German, 1450-1503
    The Judgment of Solomon
    Engraving, colored by hand
    Gift of Miss Tessie Jones in Memory of Her Parents, Mr. and Mrs. Herschel V. Jones, 1966
  2. Martin Schongauer
    German, 1435 (?)-1491
    The Virgin Enthroned
    Engraving
    Gift of Miss Tessie Jones in Memory of Her Parents, Mr. and Mrs. Herschel V. Jones, 1966
  3. Georg Hoefnagl
    German, 1542-1600
    From Archetypa Studiaque Patris Georgii Hoefnagelii, 1599
    Engraving, colored by hand
    The Minnich Collection
    The Ethel M. Van Derlip Fund, 1966
  4. Nicolaus Heideloff
    German, 1761-1839
    Two Ladies in Kensington Garden, 1794
    From “The Gallery of Fashion”
    Etching and aquatint, colored by hand
    The Minnich Collection
    The Ethel M. Van Derlip Fund, 1966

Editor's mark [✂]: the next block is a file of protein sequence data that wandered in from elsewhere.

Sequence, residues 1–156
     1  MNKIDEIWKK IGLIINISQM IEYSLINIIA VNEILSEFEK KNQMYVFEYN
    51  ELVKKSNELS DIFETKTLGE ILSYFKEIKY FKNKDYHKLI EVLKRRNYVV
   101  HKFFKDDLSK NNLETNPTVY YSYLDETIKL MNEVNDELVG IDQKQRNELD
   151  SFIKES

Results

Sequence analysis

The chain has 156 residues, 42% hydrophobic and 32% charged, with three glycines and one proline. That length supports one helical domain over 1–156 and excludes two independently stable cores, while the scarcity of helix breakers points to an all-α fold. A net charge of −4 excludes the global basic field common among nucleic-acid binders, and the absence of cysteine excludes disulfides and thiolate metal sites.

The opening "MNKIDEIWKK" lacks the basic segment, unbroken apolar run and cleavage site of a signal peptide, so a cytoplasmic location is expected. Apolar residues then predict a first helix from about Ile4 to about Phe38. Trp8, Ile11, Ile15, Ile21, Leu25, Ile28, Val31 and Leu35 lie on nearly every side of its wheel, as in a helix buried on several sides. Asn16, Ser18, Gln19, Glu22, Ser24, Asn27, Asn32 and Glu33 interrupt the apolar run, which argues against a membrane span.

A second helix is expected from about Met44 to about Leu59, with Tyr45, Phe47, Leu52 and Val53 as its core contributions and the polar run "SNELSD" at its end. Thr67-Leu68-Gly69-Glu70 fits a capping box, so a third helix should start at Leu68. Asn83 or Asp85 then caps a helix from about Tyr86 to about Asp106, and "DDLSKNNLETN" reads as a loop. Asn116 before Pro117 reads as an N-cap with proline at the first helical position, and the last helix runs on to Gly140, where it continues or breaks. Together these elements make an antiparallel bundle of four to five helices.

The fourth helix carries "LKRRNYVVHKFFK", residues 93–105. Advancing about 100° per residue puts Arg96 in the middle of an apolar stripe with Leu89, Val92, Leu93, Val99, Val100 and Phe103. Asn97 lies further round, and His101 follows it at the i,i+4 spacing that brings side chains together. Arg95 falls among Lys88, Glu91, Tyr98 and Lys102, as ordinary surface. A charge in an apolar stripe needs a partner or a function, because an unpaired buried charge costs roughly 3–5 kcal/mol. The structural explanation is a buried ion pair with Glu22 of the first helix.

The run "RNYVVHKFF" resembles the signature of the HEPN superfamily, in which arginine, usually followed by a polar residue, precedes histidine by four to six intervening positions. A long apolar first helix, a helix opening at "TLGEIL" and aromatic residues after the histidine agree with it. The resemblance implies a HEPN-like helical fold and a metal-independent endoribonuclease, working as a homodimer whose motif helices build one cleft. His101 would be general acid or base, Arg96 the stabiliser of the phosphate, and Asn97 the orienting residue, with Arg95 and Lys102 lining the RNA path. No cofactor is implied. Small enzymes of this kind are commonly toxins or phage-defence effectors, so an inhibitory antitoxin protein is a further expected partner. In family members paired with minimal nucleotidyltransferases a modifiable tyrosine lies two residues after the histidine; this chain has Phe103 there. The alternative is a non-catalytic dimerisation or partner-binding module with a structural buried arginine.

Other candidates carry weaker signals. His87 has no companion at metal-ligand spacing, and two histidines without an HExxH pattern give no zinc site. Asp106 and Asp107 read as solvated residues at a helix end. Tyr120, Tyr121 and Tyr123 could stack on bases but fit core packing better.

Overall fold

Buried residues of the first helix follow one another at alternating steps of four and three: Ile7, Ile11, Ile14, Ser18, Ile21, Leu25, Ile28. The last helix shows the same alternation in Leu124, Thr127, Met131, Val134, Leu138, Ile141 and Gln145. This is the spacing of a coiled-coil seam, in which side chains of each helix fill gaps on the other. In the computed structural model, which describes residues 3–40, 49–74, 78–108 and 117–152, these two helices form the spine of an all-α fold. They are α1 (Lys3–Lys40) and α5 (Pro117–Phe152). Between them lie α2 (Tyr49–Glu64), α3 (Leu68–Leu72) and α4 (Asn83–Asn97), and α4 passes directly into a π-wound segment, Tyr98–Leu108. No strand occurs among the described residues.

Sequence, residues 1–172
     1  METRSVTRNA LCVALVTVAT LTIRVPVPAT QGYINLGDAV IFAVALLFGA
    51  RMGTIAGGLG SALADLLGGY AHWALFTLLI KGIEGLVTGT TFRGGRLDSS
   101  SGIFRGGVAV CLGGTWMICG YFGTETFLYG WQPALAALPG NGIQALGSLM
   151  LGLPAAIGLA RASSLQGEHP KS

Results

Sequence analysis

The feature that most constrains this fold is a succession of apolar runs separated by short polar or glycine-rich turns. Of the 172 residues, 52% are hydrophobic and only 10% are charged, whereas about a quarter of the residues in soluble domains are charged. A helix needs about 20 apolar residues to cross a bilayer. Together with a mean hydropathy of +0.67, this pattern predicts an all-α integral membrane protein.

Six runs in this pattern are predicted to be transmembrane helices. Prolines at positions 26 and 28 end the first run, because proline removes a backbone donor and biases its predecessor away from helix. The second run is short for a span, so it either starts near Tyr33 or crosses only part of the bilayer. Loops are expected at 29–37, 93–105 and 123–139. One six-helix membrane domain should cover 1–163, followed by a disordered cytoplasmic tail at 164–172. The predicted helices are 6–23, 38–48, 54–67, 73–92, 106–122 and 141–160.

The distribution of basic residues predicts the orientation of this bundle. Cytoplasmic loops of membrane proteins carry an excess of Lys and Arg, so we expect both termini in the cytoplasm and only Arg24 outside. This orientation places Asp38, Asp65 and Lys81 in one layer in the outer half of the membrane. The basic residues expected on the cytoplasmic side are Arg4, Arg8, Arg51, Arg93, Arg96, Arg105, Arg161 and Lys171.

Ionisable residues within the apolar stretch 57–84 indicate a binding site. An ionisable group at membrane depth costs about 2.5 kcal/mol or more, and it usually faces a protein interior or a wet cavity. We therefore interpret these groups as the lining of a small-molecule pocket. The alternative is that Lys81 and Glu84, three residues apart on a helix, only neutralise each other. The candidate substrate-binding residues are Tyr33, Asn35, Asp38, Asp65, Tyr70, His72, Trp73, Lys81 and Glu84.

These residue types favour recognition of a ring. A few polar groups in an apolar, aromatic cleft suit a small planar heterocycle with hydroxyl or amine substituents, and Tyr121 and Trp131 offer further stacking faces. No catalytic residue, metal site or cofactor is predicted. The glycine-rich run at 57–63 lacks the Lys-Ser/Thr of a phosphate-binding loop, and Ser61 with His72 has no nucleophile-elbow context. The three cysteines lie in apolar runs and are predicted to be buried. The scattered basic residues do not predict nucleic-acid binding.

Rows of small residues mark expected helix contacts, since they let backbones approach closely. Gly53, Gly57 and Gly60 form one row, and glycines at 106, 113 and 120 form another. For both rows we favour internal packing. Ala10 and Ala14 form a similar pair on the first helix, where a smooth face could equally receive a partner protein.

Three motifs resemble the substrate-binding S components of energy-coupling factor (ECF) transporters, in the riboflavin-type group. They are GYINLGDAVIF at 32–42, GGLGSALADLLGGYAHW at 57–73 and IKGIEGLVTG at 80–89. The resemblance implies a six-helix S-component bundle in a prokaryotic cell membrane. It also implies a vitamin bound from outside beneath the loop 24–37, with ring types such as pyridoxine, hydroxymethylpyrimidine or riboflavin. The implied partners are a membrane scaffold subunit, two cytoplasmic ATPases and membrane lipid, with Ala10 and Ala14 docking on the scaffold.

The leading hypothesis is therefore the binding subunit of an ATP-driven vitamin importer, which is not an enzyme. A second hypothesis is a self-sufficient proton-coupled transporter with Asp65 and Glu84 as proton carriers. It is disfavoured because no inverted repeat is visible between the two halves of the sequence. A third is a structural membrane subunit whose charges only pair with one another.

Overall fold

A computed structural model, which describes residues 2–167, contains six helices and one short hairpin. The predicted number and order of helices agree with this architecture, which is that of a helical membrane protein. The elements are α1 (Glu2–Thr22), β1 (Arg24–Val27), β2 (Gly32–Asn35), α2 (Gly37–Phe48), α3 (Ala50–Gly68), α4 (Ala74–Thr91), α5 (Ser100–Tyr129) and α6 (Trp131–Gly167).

5. Pablo Picasso
    Spanish, 1881-
    Portrait of D.H. Kahnweiler, 1957
    Lithograph
    Gift of Mr. and Mrs. Hall Peterson, 1966
  6. Erich Heckel
    German, 1883-
    Standing Nude,1912
    Woodcut
    The Ethel M. Van Derlip Fund, 1966
  7. Jacques Villon
    French, 1875-1963
    Le Petit Equilibriste, 1914
    Etching and drypoint
    The John R. Van Derlip Fund, 1966
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Source: Everett Fahey, "Some Recent Accessions in the Print Department," <i>The Minneapolis Institute of Arts Bulletin</i> 55 (1966): 36-43.
Rights: ©MIA
Added to Site: March 10, 2009